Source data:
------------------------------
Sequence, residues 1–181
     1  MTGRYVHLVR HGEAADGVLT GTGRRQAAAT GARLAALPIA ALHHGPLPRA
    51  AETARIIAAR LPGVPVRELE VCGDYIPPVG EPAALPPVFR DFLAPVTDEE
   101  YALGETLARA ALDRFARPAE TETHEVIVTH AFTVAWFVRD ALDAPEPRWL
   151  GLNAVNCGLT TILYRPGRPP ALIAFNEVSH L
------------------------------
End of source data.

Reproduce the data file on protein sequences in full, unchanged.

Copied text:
Sequence, residues 1–181
     1  MTGRYVHLVR HGEAADGVLT GTGRRQAAAT GARLAALPIA ALHHGPLPRA
    51  AETARIIAAR LPGVPVRELE VCGDYIPPVG EPAALPPVFR DFLAPVTDEE
   101  YALGETLARA ALDRFARPAE TETHEVIVTH AFTVAWFVRD ALDAPEPRWL
   151  GLNAVNCGLT TILYRPGRPP ALIAFNEVSH L